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February 14, 2005

Getting The Business

Is spin coming unspun?  In other words, is spin starting to draw more attention to itself than to what it’s spinning? 

What suggests this possibility are lead articles in two different sections of Sunday’s NYT.  On the front page of the Business section (maybe I am focusing a little more on business these days), was an article entitled Spinning Frenzy: P.R.’s Bad Press (link).  The story focuses on the recent disclosures about journalists and commentators being paid to shill for the Bush Administration.  At the same time, the lead story in the Sunday Style section was a feature on how Arnold Schwarzenegger markets the California Governorship (If You Can Plug a Film, Why Not a Budget?link).

In both stories, the subject involves the blurring of the lines between news and public relations.  If the P.R. game is starting to wear thin, however, I think someone forgot to tell the Governor of California about it. 

What I found interesting about the Arnold story is how, at the same time it calls attention to the blurring of news and promotion, the article is taken advantage by it.  (If you’ve been following the BAG, you know I like to photograph news photos.  I do this in order to better examine them outside their context.  I never did this with a web page before, but the on-line version of the Schwarzenegger article warrants it.)

Arnoldonline2-1

A lot of stories in the on-line NYT are accompanied by images, but I’ve rarely seen one (outside the Multimedia section) that occupied the width of the article.  Whatever the editorial rationale, it also demonstrates Arnold’s ability to co-opt high profile news space in the name of self-promotion.  In this shot, Arnold is standing in front of a poster promoting himself promoting California.  This is a textbook example of how Arnold’s P.R. makes news, which just generates more P.R.

Arnold’s cross promotional skill is also demonstrated (and further promoted) by the second image in this article. 

Arnoldtshirt1-1

This is a poster promoting Schwarzenegger promoting one of his various politically-related P.R. campaigns. 

Regarding the image itself, I think there are a few things to take note of.  If you look at Arnold, he appears much younger than he is now.  Is it possible this is an old photo?  If so, it it suggests that either a younger face was superimposed on the body or the California flag was superimposed.  Or, the other possibility (because the face might not be exactly in scale with the body, or actually attached to this body) is that this isn’t even Arnold’s body.  If any of these possibilities are true, perhaps we’re the ones being given the business.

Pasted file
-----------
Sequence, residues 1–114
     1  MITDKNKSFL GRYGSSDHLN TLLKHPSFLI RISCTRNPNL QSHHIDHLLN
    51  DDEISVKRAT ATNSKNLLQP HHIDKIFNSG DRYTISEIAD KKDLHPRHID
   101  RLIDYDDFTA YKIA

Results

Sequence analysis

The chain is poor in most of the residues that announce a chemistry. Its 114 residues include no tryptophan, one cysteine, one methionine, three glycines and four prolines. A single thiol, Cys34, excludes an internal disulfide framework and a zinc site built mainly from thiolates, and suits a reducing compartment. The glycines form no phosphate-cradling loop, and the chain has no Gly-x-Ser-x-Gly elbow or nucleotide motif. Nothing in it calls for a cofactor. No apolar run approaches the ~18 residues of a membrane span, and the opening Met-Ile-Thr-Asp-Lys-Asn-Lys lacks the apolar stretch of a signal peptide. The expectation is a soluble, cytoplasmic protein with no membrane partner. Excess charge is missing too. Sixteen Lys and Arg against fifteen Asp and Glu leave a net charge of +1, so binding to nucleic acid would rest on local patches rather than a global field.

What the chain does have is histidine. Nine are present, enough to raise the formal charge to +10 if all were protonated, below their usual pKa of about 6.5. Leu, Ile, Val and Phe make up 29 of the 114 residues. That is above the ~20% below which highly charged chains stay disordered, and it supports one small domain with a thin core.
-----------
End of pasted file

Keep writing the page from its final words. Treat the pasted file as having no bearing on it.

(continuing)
I think it’s also worth mentioning what happens when P.R. material crosses into more “respectable” venues.  Of course, when an image is enhanced for a promotional poster, a certain level of tolerance can be seen for that.  When that poster finds its way into a news article, however, that replication can’t help but lend the image more authority, and thus more legitimacy as being real.   

Authenticity aside, there are a few other things worth mentioning about this image.  California may be a massive, but compared to Schwarzenegger, it’s puny.  Apparently, Arnold doesn’t want anyone in the state to forget where the real size and muscle resides.  Also, because Arnold directly addresses the viewer while the map of California faces slightly to the side (and has a fold in it), the Gov lets you know where the attention belongs.

Finally, because the state is on a common t-shirt which has little intrinsic value as a piece of clothing (especially since Arnold is typically seen in hand-made suits costing thousands of dollars), it suggests the governorship is something that Arnold can just “throw on,” get as dirty as he wants, and always change out of for something finer. 

  • pjr

    This is what happens when movie personalities, note I didn’t say ‘actors’ or ’stars,’ such as Reagan and Ahnald decide they have the wherewithal and conviction to serve the public. I never saw Reagan do it, (remember ‘trickle down economics?’) and I sure as Hell don’t expect the Governator to do it. These self-serving publicity hounds need only the adulation of the Bud swilling masses to feed their swollen egos, and don’t give a shit about the public trust. And by the way, REAGAN NEVER BROUGHT DOWN THE SOVIET UNION, ESPECIALLY WITH ONE MEANINGLESS SPEECH. Just to set the record straight, his hair was dyed too.